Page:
Opinion

The business book club: key leadership lessons from Peter F Drucker’s The Effective Executive

CEO of international safety culture consultancy RMS

In The Effective Executive (1966), management consultant Peter F Drucker explains that efficiency is the primary function of “executives”.

An executive can be any knowledge worker whose contribution affects the organisation’s performance. To become effective, workers must learn five habits: to manage time, focus on their contribution, build on their strengths, set priorities and make good decisions.

Everything requires time, so it is the key resource to be managed. In largely self-directed roles, the key is knowing what work to do and using time efficiently. 

Drucker recommends time-tracking exercises to work out how much we use on inessential tasks. To be efficient, individuals need to be responsible for their contributions. If they set themselves high standards, knowledge workers can also ask the same of colleagues.

The goal of every organisation should be to use its workers’ strengths as a “building block for joint performance”. Too many workers are employed because they are seen to fit the culture, rather than for their abilities. In safety, being effective is more important than being likeable.

The Effective Executive (1966), Peter F DruckerPrioritising tasks is the first step. If an OSH practitioner visits a site for a regular risk assessment only to discover nothing of consequence, they need to ask whether the task is worth the effort. Work in the safety sphere is often reactive, so planning work is not easy, but it is a great first step in effectiveness.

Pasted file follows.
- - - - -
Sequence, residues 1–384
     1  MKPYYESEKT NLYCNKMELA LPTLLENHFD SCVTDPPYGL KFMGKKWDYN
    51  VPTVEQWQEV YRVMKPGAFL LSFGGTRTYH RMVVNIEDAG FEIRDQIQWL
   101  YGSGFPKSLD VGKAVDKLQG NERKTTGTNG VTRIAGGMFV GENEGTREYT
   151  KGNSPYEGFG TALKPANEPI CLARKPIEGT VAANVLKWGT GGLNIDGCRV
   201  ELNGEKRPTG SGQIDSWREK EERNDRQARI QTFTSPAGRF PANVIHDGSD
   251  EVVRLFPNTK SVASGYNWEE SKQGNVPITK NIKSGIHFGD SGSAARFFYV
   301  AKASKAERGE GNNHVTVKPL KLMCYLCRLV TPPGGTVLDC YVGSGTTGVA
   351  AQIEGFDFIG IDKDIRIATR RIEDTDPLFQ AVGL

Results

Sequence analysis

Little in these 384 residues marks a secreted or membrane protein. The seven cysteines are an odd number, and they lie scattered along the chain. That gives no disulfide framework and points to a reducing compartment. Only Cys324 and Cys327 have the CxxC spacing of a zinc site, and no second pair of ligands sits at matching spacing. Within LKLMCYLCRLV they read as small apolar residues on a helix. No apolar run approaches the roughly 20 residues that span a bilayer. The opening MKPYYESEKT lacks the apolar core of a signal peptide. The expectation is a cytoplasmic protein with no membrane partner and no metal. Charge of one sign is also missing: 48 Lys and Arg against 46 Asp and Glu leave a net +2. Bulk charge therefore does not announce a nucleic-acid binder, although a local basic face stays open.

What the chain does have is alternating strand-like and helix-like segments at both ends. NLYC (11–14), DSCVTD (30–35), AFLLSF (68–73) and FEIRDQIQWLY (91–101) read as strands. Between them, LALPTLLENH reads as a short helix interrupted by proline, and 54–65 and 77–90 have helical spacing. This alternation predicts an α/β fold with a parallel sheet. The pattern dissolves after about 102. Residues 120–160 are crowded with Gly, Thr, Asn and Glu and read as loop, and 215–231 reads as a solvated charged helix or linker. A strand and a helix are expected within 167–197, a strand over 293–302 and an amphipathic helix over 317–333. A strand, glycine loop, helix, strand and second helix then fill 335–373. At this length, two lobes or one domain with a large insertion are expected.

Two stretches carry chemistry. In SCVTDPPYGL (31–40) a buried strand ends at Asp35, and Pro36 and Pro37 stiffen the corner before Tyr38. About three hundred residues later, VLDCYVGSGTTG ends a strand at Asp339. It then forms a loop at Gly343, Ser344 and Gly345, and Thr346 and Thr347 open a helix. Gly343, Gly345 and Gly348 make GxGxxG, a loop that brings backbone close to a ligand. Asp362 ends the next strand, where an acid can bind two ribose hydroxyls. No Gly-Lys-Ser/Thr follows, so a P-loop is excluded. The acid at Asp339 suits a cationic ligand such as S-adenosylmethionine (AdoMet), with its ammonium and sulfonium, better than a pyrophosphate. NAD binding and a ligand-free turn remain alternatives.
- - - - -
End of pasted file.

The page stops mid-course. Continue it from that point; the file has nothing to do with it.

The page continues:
Effective practitioners step outside their “safety zones” and avoid complacency and overconfidence

Drucker believes that most organisational decisions are based on either “generic” or “exceptional” situations. If fires keep breaking out in the same part of a warehouse, safety practitioners need to work out why and impose a control. By addressing generic situations we cut the need for future decisions. But exceptional occurrences will always need to be investigated individually.

This sounds obvious but Drucker argues most decision-makers underestimate the importance of problem definition and proceed with an incomplete understanding or waste time reinvestigating old issues.

Many leaders trying to resolve issues ask themselves what solutions their managers would find acceptable. Resource concerns also unduly influence decisions. Ineffective people take the path of least resistance or fit the facts to their preferred conclusion.

Effective practitioners step outside their “safety zones” and avoid complacency and overconfidence.

To reach our potential we have to maintain open minds, and have the integrity and strength to make honest, hard choices, rather than popular ones.

CEO of international safety culture consultancy RMS 

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